EA: You’ve done many different types of projects: private residences, interiors, museums, retail spaces, office buildings, as well as some fashion design and art installations. What out of these do you most enjoy?
YN: Most of my life I worked on retail spaces, often for very important brands and fashion houses. But I actually most enjoy museums and private houses. Not only is it more intimate, but I really get the sense that I am designing with people and a community.
EA: There are many very young and incredibly wealthy people in Tokyo. Are you doing anything to secure the next generation of clients?
YN: I don’t really think about this. Not that I don’t think this is important question to ask yourself as an architect, especially when you have your own firm, but the reason I don’t think about this is because I have never have had to. I feel young and I think I have the same sense as the youth today, so I know instinctively what they want. For example I did a sweet shop and café in Okamoto called L’Espoir Blanc. On top of designing the building and the interior, I consulted on the branding as well as the products themselves.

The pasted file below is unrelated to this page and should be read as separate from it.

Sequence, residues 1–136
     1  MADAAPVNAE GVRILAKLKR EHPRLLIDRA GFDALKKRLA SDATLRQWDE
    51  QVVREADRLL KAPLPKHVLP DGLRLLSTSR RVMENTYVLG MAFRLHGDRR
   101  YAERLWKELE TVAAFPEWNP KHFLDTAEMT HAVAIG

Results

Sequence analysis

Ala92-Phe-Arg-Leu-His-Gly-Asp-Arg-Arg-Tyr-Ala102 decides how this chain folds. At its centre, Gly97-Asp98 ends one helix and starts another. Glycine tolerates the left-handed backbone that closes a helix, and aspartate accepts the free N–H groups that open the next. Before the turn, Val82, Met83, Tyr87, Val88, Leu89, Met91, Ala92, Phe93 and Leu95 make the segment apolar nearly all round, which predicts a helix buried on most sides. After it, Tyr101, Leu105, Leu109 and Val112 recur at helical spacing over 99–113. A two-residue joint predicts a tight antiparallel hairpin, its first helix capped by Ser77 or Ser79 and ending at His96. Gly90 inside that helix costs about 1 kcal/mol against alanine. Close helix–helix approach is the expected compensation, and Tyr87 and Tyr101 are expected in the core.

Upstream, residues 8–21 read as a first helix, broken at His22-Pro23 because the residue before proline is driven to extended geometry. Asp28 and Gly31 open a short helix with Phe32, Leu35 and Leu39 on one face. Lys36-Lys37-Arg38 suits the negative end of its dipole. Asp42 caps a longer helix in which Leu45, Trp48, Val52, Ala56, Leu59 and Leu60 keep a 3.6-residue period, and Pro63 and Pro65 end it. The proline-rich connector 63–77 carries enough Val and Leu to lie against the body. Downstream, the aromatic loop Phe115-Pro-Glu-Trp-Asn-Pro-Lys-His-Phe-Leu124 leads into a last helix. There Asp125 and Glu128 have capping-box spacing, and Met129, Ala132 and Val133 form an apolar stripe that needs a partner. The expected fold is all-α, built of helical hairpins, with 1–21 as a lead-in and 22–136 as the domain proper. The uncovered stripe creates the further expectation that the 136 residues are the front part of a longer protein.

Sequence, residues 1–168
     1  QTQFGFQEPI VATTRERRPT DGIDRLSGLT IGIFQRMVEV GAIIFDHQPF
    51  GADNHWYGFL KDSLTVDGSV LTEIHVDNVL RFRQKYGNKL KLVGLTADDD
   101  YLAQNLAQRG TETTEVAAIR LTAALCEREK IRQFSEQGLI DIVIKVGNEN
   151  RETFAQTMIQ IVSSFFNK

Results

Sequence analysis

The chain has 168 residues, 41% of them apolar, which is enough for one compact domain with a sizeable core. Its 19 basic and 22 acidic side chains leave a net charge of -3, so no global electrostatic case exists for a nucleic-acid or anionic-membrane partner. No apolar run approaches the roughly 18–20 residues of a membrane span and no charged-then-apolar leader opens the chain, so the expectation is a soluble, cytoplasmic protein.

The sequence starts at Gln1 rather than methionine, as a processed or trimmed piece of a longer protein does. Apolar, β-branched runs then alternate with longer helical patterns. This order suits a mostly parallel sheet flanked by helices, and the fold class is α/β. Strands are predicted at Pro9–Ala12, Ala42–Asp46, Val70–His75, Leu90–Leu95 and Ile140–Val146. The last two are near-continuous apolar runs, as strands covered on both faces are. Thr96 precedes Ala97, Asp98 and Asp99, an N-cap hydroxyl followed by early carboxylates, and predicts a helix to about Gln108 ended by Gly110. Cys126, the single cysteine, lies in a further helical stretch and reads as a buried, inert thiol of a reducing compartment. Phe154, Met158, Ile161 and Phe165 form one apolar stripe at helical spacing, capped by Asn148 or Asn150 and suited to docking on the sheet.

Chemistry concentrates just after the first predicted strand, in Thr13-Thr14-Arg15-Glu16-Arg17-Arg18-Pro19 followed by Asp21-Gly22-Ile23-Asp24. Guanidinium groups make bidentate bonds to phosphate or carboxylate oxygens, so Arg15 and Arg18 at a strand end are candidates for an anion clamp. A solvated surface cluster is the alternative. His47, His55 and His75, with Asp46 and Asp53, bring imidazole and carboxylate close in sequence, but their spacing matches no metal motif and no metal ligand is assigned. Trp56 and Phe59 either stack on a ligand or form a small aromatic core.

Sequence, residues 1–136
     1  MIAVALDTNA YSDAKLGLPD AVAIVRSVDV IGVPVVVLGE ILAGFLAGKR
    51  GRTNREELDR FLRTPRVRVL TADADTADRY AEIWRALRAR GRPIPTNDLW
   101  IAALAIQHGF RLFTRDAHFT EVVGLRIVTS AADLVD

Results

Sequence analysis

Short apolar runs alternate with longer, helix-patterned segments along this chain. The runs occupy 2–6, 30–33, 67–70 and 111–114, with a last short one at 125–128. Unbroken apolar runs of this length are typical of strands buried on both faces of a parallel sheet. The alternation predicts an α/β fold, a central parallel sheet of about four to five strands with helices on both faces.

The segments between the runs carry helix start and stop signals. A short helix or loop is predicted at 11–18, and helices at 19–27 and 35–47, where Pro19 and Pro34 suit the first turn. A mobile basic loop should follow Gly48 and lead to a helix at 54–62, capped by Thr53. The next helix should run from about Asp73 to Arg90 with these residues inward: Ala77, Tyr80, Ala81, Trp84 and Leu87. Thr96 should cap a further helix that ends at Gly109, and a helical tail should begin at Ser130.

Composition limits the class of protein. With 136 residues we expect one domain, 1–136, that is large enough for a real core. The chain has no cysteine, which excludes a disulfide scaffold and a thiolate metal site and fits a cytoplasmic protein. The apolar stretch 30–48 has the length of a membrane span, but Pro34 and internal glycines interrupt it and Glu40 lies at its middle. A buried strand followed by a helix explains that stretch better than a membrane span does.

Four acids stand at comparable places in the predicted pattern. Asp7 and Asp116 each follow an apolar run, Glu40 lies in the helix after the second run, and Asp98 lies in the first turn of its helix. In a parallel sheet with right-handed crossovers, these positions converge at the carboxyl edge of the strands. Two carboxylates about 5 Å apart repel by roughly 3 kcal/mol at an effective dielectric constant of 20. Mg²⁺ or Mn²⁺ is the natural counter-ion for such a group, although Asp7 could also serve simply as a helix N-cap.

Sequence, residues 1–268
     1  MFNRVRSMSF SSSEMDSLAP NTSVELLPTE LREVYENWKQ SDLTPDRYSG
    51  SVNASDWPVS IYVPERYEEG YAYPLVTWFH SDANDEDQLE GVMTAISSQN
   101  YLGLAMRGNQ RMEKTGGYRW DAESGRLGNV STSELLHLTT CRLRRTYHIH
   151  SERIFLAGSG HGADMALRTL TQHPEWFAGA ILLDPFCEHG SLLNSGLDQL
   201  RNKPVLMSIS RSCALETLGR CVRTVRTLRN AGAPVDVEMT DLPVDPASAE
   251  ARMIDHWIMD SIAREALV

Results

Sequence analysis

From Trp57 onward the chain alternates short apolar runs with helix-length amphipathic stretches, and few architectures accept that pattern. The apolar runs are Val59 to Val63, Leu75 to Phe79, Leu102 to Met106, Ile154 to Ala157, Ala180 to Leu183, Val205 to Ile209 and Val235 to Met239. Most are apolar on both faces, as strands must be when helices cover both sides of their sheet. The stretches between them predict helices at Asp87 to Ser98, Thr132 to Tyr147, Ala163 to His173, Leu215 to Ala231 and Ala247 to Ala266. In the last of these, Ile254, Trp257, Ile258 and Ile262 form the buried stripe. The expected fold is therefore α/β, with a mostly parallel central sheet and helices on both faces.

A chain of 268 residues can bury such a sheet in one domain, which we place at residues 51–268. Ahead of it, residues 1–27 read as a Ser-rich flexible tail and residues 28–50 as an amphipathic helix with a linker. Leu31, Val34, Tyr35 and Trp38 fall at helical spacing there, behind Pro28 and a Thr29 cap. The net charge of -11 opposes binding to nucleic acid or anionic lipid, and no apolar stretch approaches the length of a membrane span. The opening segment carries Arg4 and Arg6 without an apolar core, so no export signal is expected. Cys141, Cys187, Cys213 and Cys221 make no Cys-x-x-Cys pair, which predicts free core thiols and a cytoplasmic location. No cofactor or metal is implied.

EA: It is very common in Japanese firms to work exclusively with physical models. In the west however, now more than ever, there is a very heavy emphasis put on 3D modelling skills and visualisation. Why is this so?
YN: Even with the incredible tools and techniques offered by technology, there are some areas that are still championed by the physical model. When it comes to studying light, even though we explore both methods, I do trust physical model more. Light is a material and it is fully scalable.
EA: In your body of works, there is a huge range in materiality. On the one hand you have very glossy, shiny, bright and even ‘cute’ projects (mostly retail), but then you have these quite dramatic, sombre and masculine projects. Would you say you had a dark side?
YN: I can adjust myself to my clients. This is why I am able to do the "flashy" stuff as well as the raw. I do not preoccupy myself with "style," so much as phenomena. If you focus on the immaterial, the material will fall into place.
This interview is an edited excerpt from a forthcoming book of interviews with Japanese architects by Ebrahim Abdoh. In 2014, Ebdoh spent six months as an intern at Hiroshi Nakamura & NAP. The full book, with a publishing date yet to be confirmed, will feature more designers and longer, uncut interviews.